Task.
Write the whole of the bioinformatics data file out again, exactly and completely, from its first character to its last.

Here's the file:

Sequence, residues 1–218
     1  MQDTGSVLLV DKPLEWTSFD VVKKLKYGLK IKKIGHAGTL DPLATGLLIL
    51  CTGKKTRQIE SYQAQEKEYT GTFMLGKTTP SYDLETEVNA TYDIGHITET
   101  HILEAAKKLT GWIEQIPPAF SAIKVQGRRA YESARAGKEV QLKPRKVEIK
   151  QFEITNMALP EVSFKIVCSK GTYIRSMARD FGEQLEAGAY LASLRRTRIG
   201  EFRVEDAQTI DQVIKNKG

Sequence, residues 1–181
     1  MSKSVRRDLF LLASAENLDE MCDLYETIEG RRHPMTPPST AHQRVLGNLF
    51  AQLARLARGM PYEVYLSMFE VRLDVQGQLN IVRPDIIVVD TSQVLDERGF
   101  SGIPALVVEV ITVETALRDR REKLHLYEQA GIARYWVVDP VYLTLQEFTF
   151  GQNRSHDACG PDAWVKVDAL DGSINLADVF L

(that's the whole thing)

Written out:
Sequence, residues 1–218
     1  MQDTGSVLLV DKPLEWTSFD VVKKLKYGLK IKKIGHAGTL DPLATGLLIL
    51  CTGKKTRQIE SYQAQEKEYT GTFMLGKTTP SYDLETEVNA TYDIGHITET
   101  HILEAAKKLT GWIEQIPPAF SAIKVQGRRA YESARAGKEV QLKPRKVEIK
   151  QFEITNMALP EVSFKIVCSK GTYIRSMARD FGEQLEAGAY LASLRRTRIG
   201  EFRVEDAQTI DQVIKNKG

Sequence, residues 1–181
     1  MSKSVRRDLF LLASAENLDE MCDLYETIEG RRHPMTPPST AHQRVLGNLF
    51  AQLARLARGM PYEVYLSMFE VRLDVQGQLN IVRPDIIVVD TSQVLDERGF
   101  SGIPALVVEV ITVETALRDR REKLHLYEQA GIARYWVVDP VYLTLQEFTF
   151  GQNRSHDACG PDAWVKVDAL DGSINLADVF L